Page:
“CEOS HAVE A HABIT OF OUTSTAYING THEIR WELCOME!”

 

We may be enjoying the balmy summer days with test cricket, the World Cup, Royal Ascot and Wimbledon upon us. However, the business headlines are continuing to shake the very fabric of financial society.

Reams has already been written and reported on Sir Martin Sorrell’s departure from WPP with indecent haste and the rather tawdry and lude allegations of his private life, providing the reasons for the severance of his connection from WPP, after 33 years of devoted servive and relentless duty. I have no intention of having the drains up on any aspects of his alleged tasteless private life which he vigorously denies.

 

However, suffice to say there is a strong message that should go out to all chief executives, who are prone to outstay their welcome, even if they are entrepreneurs like Sir Martin, who built WPP’s business up man and boy. An over-extended tenure of such senior positions is fraught with danger. The situation becomes even more exacerbated when the CEO involves himself metaphorically with anything from the purchase of paper clips to corporate finance. It will eventually and inevitably end in tears. There is no doubt that the art of good management is delegation. It appears that Sir Martin was none too smart on this point and because he could hardly spell relaxation; hence the waters on genuine expenses and leisure were muddied. Sir Martin has been immersed in his operation since its inception, with I suspect business and pleasure being one and the same thing.  How well his new advertising venture will be received remains to be seen. In passing, how Roberto Quarta, WPP’S chairman was allowed to walk out of the door, without signing a ‘non-compete’ agreement amazes me and many other observers.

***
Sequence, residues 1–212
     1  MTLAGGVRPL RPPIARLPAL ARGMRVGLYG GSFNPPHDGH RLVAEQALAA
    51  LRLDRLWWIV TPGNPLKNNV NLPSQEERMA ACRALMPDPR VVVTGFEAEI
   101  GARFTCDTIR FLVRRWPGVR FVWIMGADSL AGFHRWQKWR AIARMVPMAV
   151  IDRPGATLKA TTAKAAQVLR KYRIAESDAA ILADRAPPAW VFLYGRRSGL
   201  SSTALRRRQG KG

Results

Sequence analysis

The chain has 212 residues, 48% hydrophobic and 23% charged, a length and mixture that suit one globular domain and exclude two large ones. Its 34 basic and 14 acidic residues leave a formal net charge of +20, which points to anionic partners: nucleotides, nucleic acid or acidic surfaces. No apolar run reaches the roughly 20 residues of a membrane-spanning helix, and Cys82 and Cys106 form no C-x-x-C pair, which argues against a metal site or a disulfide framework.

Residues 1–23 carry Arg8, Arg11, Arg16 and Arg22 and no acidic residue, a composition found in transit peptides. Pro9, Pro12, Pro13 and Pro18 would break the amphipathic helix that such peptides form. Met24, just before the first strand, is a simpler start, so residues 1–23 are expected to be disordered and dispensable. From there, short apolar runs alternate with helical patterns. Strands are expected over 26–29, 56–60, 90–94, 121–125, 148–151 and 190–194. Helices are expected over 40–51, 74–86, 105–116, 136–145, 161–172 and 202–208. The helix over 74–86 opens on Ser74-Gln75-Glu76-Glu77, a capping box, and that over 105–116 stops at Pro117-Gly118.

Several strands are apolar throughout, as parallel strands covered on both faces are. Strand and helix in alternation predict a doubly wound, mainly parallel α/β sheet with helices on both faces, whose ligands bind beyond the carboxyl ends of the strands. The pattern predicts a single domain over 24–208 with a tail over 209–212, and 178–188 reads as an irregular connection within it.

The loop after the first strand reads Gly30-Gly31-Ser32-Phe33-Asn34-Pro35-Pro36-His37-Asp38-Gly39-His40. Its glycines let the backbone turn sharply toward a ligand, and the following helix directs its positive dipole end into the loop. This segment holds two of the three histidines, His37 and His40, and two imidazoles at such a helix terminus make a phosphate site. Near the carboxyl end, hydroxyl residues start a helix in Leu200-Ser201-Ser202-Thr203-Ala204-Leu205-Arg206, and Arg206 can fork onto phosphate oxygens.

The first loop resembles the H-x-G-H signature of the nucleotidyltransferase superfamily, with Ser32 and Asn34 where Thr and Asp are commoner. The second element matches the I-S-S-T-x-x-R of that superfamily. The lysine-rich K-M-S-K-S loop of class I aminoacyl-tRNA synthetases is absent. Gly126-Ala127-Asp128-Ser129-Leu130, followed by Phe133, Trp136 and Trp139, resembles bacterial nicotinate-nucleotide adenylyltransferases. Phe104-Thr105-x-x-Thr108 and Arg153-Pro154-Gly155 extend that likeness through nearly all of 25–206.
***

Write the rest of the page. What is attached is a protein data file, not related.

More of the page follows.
Sir Martin’s unfortunate plight is frankly purely a catalyst. Sir John Rose made the same mistake as CEO of Rolls Royce. He took over in 1996 until 2011 and saw the share price go from 235p to 1150p. He handed over to John Rishden, the then CFO, who completed 14 years at RR, when he retired as CEO in 2015. The share price then was 800p.  The cracks in the business started to appear, the allegations of bribery, the profits warnings, triggered by increasing expenditure, all started to manifest themselves. Warren East, the newish CEO, who came from ARM Holdings, who has been CEO since July 2015, has been attending to these issues, streamlining the company from five divisions to three.  Of course, cost-cutting exercises and we suspect 4000 redundancies will be implemented before too long. There has been too much duplication of the middle management. Again, these changes will need to be delivered to give momentum to its share price – currently 832p.

 

As for Tesco’s Sir Terry Leahy, he was in situ for 14 years – too long. He did an amazing job. However, when he left, Tesco’s share price was 400p. It then fell to 162p under Phil Clarke and is currently in remission under the stewardship of Dave Lewis – share price today 249p. So often after a sustained period in office CEOS cannot see the wood from the trees.  It needs a fresh outlook to prevent mistakes and fresh initiatives to take the company forward. There are many other illustrations of CEOS out-staying their welcome – too many to list.

 

David Buik

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